As these schemes evolved, victims received telephone calls alleging a family member was held by loan sharks or the Mainland authorities with demands for access to bank accounts for their release.
The power to convince the victims was so compelling that, in one case, an old lady paid over HK$ 300,000- to release a son allegedly held on the Mainland, even though she knew he was at college in the USA. In another case, a lady paid money to return a son she didn't have. She later explained that the culprits may have called the wrong person, and she didn't want a mother to suffer.
Despite widespread publicity, people continue to fall foul of these deceptions. Moreover, the nature of deception means the victims are reluctant to report cases, fearing public ridicule. The perpetrators know and exploit these fears.
For some instances involving the old and vulnerable, the banks and remittance companies have a role in spotting victims. In my experience, bank staff have proved adept at intervening to stop transactions and allowing time for the police to intervene.
These efforts must continue as the social costs of these crimes are terrible. Victims, including old folks, have committed suicide.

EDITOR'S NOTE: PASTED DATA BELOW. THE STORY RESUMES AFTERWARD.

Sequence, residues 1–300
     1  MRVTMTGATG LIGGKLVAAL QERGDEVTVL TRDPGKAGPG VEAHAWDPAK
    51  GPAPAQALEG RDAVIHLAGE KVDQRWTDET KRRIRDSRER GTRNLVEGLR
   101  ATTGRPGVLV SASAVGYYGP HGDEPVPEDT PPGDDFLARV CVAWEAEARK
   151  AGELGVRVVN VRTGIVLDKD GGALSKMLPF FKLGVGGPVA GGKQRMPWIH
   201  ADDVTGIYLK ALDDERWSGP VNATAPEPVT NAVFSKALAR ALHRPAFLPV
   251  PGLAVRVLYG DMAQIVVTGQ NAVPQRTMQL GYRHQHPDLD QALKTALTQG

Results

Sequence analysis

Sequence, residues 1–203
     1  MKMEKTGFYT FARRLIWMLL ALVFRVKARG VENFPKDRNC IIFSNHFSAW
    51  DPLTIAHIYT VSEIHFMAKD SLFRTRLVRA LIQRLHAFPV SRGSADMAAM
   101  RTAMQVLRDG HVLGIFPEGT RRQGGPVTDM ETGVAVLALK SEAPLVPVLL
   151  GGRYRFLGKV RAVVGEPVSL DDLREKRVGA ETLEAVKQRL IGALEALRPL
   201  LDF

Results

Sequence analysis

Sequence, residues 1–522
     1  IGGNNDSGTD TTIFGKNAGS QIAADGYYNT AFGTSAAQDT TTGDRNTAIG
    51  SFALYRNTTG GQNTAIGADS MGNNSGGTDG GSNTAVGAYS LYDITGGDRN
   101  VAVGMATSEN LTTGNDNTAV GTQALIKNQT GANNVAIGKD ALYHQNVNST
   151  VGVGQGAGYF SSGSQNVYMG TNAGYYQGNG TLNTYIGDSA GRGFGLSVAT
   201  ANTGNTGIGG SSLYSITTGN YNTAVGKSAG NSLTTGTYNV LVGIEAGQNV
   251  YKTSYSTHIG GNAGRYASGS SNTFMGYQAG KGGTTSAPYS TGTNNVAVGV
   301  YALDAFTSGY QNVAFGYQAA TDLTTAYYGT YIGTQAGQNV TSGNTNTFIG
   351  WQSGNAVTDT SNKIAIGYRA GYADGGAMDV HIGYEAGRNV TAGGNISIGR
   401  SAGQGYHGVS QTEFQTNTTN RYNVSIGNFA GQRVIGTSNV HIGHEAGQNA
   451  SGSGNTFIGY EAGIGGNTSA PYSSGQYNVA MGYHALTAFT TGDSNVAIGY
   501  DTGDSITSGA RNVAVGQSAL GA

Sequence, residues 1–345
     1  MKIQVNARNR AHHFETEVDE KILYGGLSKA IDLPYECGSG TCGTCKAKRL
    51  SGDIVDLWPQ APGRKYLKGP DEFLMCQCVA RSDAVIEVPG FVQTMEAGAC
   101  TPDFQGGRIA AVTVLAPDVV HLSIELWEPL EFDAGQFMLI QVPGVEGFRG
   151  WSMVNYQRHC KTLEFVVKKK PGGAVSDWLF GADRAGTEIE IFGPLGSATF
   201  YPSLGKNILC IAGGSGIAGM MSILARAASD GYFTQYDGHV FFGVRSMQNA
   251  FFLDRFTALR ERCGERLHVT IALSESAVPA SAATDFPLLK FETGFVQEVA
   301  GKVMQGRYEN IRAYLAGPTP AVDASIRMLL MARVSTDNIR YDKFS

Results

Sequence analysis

Getting back to Janice, you'll see she never met Peter face to face nor spoke with him, even online. Had she done so, you may surmise she could have avoided the scam.
Yet, the challenge is that the internet has supercharged imposter scams. Rijul Gupta, the CEO of Deep Media – a Silicon Valley company combating deepfakes, cautions, "Right now, there are consumer applications that offer real-time voice-cloning and voice-transfer technology on Zoom calls … that are available to an intelligent consumer," How intelligent? "Any 15-year-old who plays Minecraft and streams it on Twitch could use it."
With just nine minutes of sample audio, AI can attain complete vocal syntheses. Match that to life-like avatars, and bingo, "Peter Holden" is real. Imagine how many will be caught with that hook and pay for it.
All this caused me to think we have entered a form of Baudrillard's "Simulacra and Simulation"; everything we see has no relationship to any reality whatsoever. In this domain, a lover — "Peter Holden" is conjured up without reference to anything tangible or biological. Nothing is real; it is all crap.
Still, the best way to protect yourself is by pausing and verifying. Don't be rushed and always seek a second opinion. Fraudsters prey on fear and urgency, hoping to trigger a knee-jerk emotional reaction from victims.
Remember, you are the one controlling the communication.